The other surprise to me was the institutions from which it was downloaded, which are scattered across the world. Very cool to see it’s not just Vancouver people who took an interest in FindPeaks, though I somewhat suspected as much, already.

Thinking of FindPeaks, I put in one last marathon cleaning session for all my software. I’m sure I’m somewhere north of 15,000 lines of code modified in the past week. Even when you consider that some of those changes were massive search-and-replace jobs, (very few, really), or refactoring and renaming variables (many many more), it’s still an impressive number for two weeks. With that done, I’m looking to see some significant gains in development speed, and in developer productivity. (I learned a LOT doing this.)

The last 122 warnings will just have to get cleaned up when I get around to it – although they’re really only 4 warnings types repeated so many times. (The majority of them are just that the branched logic goes deeper than 5 levels, or that my objects have public variables. (You can only write so many accessor functions in a week.)

Anyhow, I’m looking forward to testing out FindPeaks 4.0 alphas starting tomorrow, and to put some documents together on it. (And catch up on the flood of emails I received in the last 2 days.

Finally, I’m working on a MAQ file interpreter for another project I’m working on. If I ever manage to figure out how to interpret the (nearly undocumented) files, I’ll post that here. If anyone’s done this already (though I didn’t see anything publicly available on the web), I’d love to hear from them.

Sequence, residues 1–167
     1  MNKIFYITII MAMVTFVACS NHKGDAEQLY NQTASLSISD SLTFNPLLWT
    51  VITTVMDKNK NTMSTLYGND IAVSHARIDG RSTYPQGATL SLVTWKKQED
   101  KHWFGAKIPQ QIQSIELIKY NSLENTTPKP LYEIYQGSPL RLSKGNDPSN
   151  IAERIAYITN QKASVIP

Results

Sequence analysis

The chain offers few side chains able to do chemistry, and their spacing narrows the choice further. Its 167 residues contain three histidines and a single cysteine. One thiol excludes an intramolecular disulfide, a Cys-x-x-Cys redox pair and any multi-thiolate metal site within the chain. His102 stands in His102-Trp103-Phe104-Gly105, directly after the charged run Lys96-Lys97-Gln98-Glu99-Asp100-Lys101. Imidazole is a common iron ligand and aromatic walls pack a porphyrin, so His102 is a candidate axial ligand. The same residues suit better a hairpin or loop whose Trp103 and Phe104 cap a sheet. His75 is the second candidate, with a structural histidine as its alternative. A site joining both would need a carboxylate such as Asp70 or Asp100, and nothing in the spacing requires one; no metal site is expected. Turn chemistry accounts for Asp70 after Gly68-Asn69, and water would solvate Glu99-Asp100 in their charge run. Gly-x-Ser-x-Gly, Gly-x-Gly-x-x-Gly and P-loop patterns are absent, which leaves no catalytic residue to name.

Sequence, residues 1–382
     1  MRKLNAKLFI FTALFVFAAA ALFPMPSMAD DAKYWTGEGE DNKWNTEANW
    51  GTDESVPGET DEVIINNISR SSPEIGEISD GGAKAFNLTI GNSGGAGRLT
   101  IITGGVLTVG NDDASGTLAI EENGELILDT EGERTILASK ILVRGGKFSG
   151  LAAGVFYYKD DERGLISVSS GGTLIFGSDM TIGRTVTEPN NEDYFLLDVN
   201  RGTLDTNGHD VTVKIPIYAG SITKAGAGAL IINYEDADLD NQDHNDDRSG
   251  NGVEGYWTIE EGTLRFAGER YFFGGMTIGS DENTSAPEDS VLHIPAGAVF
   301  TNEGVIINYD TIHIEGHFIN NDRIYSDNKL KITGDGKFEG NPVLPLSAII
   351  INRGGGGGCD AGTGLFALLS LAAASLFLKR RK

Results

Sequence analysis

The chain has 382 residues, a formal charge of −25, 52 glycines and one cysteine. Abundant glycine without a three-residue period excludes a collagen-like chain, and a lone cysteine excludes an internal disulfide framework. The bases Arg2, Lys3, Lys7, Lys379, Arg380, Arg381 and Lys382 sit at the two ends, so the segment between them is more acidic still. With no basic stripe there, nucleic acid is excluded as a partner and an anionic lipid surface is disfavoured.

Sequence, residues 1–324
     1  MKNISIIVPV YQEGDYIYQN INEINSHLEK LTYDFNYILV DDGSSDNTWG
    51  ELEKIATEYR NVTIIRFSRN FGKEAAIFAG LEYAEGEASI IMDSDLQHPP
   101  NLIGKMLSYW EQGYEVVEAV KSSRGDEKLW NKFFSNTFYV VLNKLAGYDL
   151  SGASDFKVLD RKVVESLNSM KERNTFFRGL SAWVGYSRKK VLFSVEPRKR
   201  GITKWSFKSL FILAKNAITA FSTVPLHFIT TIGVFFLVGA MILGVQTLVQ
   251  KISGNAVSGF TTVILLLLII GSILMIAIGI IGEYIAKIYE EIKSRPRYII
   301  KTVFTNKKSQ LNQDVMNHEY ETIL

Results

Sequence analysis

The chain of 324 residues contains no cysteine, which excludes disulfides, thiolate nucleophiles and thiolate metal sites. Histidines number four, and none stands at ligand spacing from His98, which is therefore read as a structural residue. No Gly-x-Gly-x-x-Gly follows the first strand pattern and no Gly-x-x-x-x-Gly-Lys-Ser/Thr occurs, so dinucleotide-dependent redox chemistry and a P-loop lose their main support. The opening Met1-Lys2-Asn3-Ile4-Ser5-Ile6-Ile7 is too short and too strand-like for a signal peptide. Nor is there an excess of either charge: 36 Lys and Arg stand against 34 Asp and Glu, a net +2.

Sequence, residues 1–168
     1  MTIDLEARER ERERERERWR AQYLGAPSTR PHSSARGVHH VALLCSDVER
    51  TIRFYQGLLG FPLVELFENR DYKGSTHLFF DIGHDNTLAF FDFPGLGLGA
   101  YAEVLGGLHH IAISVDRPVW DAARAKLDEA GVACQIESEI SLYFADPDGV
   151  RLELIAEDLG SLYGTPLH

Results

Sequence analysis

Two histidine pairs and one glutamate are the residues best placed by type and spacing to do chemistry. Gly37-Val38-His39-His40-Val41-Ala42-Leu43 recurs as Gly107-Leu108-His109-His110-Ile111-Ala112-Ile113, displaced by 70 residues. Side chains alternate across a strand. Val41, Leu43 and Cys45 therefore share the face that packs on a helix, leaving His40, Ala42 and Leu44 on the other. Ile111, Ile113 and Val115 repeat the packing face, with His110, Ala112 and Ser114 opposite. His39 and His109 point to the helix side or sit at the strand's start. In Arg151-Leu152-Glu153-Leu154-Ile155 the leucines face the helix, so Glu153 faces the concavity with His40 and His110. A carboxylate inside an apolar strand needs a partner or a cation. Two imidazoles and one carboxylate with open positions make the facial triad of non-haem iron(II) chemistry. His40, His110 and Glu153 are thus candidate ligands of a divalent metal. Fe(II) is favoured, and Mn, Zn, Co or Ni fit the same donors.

Cheers!

>Random Update on FP/Coding/etc.

>I had promised to update my blog more often, but then failed miserably to follow through last week. I guess I have to chalk it up to unforeseen circumstances. On the bright side, it gave me the opportunity to come up with several things to discuss here.

1. Enerjy: I learned about this tool on Slashdot, last week while doing some of my usual lunch hour “open source news” perusal. I can unequivocally say that installing the Enerjy tool in Eclipse has improved my coding by unimaginable leaps and bounds. I tested it out on my Java codebase that has my FindPeaks application and the Transcriptome/Genome analysis tools, and was appalled by the number of suggestions it gave. Admittedly, I’m self taught in Java, but I thought I had grasped the “Zen” of Java by now, though the 2000+ warnings it gave disagreed. I’ve since been cleaning up the code like there’s no tomorrow, and have brought it down to 533 warnings. The best part is that it pointed out several places where bugs were likely to have occurred, which have now all been cleaned up.

2. Threading has also come up this past week. Although I didn’t “need” it, there was no way to get around it – learning threads was the appropriate solution to one problem that came up, so my development version is now beginning to include some thread management, which is likely to spread into the the core algorithms. Who knew??

3. Random politics: If you’re a grad student in a mixed academic/commercial environment, I have a word of warning for you: Not everyone there is looking out for your best interests. In fact, some people are probably looking out for their own interests, and they’re definitely not the same as yours.